He "possesses strong leadership qualities", but she's "bossy and manipulative"...? 

We constantly hear that girls are more social and less physical, that they’re princesses, boy-crazy, sexual temptresses, or pure and virginal. At the same time we’re told that boys are physically more active, but socially and verbally less mature, that they’re emotionally stunted, slaves to their sex-drives or that ‘boys will be boys’.

When someone falls outside these stereotypes or exhibits traits traditionally associated with the opposite sex, often negative labels are used. For example, an assertive female might be labelled as a ‘bossy and manipulative’, while an assertive male is described as ‘possessing strong leadership qualities’. Stereotypes like these inevitably shape the way young people view their place in the world according to their gender.

Being a young man or woman means different things to different people, and trying to live up to society’s assumptions can lead people down unhealthy and disrespectful paths, from limiting their own aspirations, putting sexual pressure on themselves or others, to victim-blaming and going on to promote outdated myths and practices themselves. Read our Gender versus sex: Expectations, myths and models article to understand some of the more serious impacts of gender stereotypes.

It’s important for parents to be aware that what they teach their children about gender and what boys and girls can and should do, or the way they behave has a huge influence on how they see themselves and others in the world. And as the most trusted and reliable people in your children’s lives, you have an opportunity to set great examples and broaden their vision of possible futures for themselves.

There are plenty of situations where young people are likely to reinforce gender stereotypes amongst themselves, whether it’s at school, out and about or in the home. Sometimes young people make remarks ‘off the cuff’ because they’ve been exposed to them before but have never been prompted to think further about their meanings and consequences. As parents you can encourage kids to think critically about stereotypes and rigid gender roles.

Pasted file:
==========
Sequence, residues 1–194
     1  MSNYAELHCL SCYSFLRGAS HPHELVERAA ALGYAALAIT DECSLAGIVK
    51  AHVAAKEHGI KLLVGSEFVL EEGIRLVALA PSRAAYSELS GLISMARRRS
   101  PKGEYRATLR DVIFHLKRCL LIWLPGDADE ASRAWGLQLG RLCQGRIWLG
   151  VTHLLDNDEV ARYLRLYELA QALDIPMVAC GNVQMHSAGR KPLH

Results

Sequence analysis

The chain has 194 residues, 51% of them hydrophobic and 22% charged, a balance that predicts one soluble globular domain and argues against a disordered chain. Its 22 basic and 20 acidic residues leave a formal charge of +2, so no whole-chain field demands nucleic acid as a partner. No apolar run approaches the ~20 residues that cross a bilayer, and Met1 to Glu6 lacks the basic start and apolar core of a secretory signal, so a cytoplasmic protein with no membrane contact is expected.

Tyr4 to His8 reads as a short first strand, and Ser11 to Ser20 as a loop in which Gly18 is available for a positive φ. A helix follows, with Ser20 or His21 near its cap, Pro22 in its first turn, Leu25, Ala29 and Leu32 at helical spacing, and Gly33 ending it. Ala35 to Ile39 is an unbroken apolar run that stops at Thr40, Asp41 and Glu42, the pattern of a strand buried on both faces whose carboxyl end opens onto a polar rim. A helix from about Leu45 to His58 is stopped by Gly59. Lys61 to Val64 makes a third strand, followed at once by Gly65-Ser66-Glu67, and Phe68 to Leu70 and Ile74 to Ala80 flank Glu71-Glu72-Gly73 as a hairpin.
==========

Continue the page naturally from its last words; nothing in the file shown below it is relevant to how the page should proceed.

Highlighting examples of positive role models can inspire kids to dispute gender stereotypes, too. If you know, or know of a female doctor, soldier or sports-person, talk about what challenges they might have faced to get where they are. Try comparing your own experiences as a young person and discussing stereotypes that were considered ‘truths’ back then.

Stereotype examples – Let’s talk about…

How do these commonly made statements make half our population feel about themselves, and how do they affect the other half’s respect for women?

  • “He’s such a girl” = Whether it’s about physical activities or general behaviour, ask kids if they can see how this not only suggests there are things boys shouldn’t do because of their gender, but also tells females nothing they do will ever be as ‘good’ as what boys do.
  • “She’s so hot/sexy” = This may seem like a compliment, but ask your kids why this is important. How is it relevant to what someone does or who they are? Are there other aspects to this person that are more worthwhile than the way they look? Point out that basing your idea of people on how ‘hot/sexy’ they are limits who you have respect for and your understanding of people generally.
  • “She’s a slut/frigid” = Ask kids why someone’s sex-life should be anyone else’s business. Why would we give anyone such an offensive label based on what someone else has said about something so private?
  • “Women/men are all…” = …all what? There’s not a lot that can truthfully follow this sentence. Ask kids if they can see how making these assumptions limits their understanding and limits other’s understanding of themselves. Although generalisations can seem like an easy way to understand the world, they’re generally ‘lazy’ in that they rely on stereotypes – not facts.

Use examples of sexism or rigid gender roles you see in the media, news stories, advertising, television or film as prompts for discussion. If you see questionable stories, debates or adverts, use some of the suggested questions above and ask your kids for their thoughts.

Look at our articles on gender for young people for useful reading to give your kids. For more on talking to kids read our other articles on talking to kids.